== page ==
Summary and Contributions: The paper proposes a new probabalistic method for predicting time-series data by combining a time-series specific loss function (DILATE) with a time-series specific diversification mechanism based on determinantal point processes. The diversification mechanism has two components corresponding to time and shape (similar as the DILATE function) that are treated independently in the sampling and in the optimization procedure. The paper is a bit more empirical than many NeurIPS papers, but comes along with a strong empirical evaluation with a few minors pointed out below. Unfortunately, the paper lacks in clarity and important informations with respect to reproducibility are not given, which would make it hard to impossible for me to re-implement the algorithm. This is a huge disadvantage of the paper as it contradicts its main benefits, and the reason why I tend to a "weak reject".
Strengths: The idea of combining a time-specific loss function (DILATE) with a time-specific diversification mechanisms has not been conducted before. While the math for combining the two is not in particular complicated, the authors spent great effort in devicing an apropriate learning scheme that is rewarded by good experimental results.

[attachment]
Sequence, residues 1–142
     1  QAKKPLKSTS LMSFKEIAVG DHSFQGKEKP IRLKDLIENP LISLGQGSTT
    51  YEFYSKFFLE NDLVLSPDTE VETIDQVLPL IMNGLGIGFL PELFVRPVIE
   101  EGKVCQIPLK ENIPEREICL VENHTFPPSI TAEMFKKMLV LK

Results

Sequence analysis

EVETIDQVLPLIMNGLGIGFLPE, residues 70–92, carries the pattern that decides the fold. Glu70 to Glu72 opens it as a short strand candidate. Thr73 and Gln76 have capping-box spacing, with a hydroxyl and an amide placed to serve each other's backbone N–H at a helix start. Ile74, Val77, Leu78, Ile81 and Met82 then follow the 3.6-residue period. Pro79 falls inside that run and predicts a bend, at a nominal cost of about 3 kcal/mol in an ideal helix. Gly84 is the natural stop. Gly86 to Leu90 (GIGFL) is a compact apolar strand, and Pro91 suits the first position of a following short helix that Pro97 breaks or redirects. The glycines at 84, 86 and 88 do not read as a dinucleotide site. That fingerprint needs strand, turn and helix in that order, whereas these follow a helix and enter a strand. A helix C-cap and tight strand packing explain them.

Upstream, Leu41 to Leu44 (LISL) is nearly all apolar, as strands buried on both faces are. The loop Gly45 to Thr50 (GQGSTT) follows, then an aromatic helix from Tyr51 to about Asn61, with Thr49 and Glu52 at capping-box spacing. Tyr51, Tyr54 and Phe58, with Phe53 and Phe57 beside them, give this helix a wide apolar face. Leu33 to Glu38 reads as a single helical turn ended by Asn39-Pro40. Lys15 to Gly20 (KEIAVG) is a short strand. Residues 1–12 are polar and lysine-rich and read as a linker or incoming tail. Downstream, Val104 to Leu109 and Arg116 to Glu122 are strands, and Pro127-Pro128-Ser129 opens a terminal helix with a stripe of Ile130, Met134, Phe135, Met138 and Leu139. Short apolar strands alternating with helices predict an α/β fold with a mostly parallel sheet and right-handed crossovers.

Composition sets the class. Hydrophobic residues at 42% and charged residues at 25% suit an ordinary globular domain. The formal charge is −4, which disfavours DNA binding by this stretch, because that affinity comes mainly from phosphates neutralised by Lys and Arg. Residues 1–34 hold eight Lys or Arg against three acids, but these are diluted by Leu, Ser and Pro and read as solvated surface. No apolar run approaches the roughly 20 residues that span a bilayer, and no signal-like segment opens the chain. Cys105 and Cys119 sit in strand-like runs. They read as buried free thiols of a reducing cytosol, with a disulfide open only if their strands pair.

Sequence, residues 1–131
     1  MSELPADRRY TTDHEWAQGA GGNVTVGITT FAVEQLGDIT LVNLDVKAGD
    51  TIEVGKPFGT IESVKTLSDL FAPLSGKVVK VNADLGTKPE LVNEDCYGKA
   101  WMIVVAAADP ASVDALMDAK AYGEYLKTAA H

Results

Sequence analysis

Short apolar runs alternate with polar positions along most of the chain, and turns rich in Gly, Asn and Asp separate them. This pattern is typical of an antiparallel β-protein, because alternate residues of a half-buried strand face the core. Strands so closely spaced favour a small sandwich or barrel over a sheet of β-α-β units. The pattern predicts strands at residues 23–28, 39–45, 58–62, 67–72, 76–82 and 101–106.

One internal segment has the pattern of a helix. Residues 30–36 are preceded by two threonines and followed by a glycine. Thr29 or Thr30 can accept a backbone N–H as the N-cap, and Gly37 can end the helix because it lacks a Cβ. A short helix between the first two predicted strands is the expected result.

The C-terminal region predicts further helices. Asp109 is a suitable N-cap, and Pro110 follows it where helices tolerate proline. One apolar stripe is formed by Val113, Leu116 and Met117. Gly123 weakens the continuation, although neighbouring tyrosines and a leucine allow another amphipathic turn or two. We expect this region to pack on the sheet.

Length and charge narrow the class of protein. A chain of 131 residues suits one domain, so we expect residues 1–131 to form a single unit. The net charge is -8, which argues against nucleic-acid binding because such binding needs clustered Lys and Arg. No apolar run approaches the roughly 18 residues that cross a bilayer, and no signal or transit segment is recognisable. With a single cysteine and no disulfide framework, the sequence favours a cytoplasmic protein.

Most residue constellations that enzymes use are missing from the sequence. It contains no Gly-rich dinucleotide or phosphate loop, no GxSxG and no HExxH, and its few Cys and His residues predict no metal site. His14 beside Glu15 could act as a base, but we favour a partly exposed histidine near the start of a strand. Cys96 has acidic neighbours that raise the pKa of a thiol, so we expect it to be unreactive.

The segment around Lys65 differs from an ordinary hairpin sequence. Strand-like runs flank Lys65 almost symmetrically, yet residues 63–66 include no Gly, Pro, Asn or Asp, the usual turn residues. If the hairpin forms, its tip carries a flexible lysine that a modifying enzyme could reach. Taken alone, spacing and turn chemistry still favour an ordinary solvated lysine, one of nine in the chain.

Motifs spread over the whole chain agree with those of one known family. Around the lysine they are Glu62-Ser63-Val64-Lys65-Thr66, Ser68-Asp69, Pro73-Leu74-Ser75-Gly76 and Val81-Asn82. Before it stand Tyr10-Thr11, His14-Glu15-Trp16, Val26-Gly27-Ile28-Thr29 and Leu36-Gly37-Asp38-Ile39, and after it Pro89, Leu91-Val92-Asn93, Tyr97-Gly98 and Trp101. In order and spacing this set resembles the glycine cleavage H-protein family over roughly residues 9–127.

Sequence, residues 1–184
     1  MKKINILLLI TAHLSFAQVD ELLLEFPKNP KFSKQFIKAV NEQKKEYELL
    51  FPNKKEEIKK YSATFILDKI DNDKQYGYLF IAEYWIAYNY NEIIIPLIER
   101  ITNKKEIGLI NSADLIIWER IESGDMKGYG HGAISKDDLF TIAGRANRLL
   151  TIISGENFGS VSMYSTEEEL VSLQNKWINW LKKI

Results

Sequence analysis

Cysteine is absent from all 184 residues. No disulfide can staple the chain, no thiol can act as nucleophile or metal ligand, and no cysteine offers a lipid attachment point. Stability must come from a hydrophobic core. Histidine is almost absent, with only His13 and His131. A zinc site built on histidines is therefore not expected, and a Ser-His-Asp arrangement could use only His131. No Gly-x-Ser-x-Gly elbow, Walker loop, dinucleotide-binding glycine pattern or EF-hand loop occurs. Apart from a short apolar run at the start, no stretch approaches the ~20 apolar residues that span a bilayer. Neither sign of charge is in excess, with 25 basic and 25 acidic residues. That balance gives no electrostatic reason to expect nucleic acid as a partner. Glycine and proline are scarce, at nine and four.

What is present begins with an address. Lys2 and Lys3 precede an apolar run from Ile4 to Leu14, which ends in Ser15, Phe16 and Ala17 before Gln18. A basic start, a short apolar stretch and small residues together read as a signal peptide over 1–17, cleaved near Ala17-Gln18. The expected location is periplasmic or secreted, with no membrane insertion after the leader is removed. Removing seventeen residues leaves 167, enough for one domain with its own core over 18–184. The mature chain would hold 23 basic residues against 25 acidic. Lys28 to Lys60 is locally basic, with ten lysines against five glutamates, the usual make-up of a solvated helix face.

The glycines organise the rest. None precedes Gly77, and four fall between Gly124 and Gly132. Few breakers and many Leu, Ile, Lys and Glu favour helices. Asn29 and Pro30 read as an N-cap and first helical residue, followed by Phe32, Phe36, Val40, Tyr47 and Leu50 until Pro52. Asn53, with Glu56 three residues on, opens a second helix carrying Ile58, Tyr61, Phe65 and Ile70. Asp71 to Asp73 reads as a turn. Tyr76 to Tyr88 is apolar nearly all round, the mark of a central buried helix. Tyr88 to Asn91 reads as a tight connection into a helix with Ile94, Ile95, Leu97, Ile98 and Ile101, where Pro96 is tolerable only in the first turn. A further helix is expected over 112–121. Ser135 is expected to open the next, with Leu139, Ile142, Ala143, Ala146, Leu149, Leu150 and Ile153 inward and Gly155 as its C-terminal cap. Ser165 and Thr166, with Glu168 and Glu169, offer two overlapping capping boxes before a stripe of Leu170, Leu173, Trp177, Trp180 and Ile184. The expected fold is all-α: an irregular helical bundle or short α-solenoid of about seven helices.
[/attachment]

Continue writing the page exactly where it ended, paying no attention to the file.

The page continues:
Weaknesses: The main weaknesses of the paper are the missing clarity and reproducibility as further outlined below. I found the baseline "MSE-loss + S+T Diversity Sampling" missing in Table 1.
Correctness: The paper appears to be sound. Minor: Is Eq. (4) correct? I think it should be - Tr(K * (K+I)^(-1)).
Clarity: The training scheme is not clear to me. Since the training scheme is one of the core contributions of the paper, it deserves more space in the paper and its implementation details should be given either in the Supplement or in a GitHub repository. I would also highly recommend adding pseudo-code of the training scheme, similar as to the sampling scheme. Majors: - Do you first train Eq. (1) with K_shaped as L_diversity-Loss and afterwards E1. (1) with K_time as diversity as depicted in Figure 1? Or do you learn The STRIPE-shape component directly by optimizing Eq. (4) as written in Section 3.2? The encoder is not mentioned in Section 3.2. - For optimizing the STRIPE-time component, do you use the time componenty only as shown in Figure 1 or the sequential sampling scheme in Section 3.2? - Is the ordering relevant? Why do you not alternate between the different objectives? Do you use the same optimization settings for the different objectives?
Relation to Prior Work: The authors give a good overview over related work. Minor: The diversity kernels are derived from the DILUTE-loss which is not imminent from first reading.
Additional Feedback: ___________________________________________________________________ After rebuttal: Thanks for your detailed answer. I am satisfied with it and increased my score accordingly.